It misconstrues the nature of the competing constitutional interests at stake. It understates the importance of protecting the political integrity of our governmental institutions. It creates a loophole that will allow a single individual to contribute millions of dollars to a political party or to a candidate's campaign. Taken together with (Citizens United), today's decision eviscerates our Nation's campaign finance laws, leaving a remnant incapable of dealing with the grave problems of democratic legitimacy that those laws were intended to resolve.

Oh, please.

The post-Watergate reforms were an overreaction just as that paragraph is an overreaction.  In the same way that ethics laws simply create a guidebook for the unethical, so, too, do campaign finance laws provide a blueprint for loopholes. It will always be thus, and those who say there are no constitutional problems with limiting people’s ability to contribute, they are blinded by either partisanship or ignorance.

Rather than wail about Sheldon Adelson being able to bring panting presidential hopefuls to his house or the ability of unions to bend local and federal leaders to their will, let there be light instead of heat. Those phenomena happened before McCutcheon and would have happened if there was no McCutcheon.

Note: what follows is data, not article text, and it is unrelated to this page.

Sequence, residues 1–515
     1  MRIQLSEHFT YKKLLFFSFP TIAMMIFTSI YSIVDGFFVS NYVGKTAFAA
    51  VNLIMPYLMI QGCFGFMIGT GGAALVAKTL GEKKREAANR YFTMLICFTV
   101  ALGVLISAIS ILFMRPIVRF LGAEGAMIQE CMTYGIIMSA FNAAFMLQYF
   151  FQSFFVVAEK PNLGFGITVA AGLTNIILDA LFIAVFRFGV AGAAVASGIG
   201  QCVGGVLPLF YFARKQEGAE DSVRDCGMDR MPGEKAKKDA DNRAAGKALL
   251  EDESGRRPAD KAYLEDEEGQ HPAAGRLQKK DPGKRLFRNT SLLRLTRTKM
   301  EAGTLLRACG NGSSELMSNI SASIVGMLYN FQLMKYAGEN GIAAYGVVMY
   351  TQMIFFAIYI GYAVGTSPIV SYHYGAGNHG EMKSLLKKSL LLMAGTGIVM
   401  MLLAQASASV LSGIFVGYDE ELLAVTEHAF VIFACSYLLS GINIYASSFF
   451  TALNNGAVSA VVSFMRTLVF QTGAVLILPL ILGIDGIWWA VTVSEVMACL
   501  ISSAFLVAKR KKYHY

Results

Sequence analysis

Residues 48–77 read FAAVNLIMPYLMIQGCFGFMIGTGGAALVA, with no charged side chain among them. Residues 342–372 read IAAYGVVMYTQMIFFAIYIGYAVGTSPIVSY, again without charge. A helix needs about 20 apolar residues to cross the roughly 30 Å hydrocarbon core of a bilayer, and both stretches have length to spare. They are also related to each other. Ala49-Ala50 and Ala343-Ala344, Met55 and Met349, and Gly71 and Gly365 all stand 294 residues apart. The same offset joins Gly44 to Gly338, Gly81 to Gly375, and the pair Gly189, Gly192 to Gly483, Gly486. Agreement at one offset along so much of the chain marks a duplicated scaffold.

The most cogent part of the decision also hints at the only – literally, only – solution to stop the courts and elected officials from trying to fix the unfixable:

Finally, disclosure of contributions minimizes the potential for abuse of the campaign finance system. Disclosure requirements are in part "justified based on a governmental interest in 'provid[ing] the electorate with information' about the sources of election-related spending." (From Citizens United) They may also "deter actual corruption and avoid the appearance of corruption by exposing large contributions and expenditures to the light of publicity.”  Disclosure requirements burden speech, but-unlike the aggregate limits-they do not impose a ceiling on speech. For that reason, disclosure often represents a less restrictive alternative to flat bans on certain types or quantities of speech.

In a clash of imperatives, between forcing disclosure and allowing anonymity, this is no contest. A fully informed electorate trumps any other concern, which is why removing all caps (the base caps cannot be long for this world, right?) and mandating immediate disclosure on the web are the wisest answer.

It may even – and I have posited this heretical thought before – actually not just deter corruption but reduce the money in politics because neither donor nor receiver will want to be exposed for what surely will be seen as – listen closely, Justice Roberts -- a quid pro quo.

There’s only one way to find out.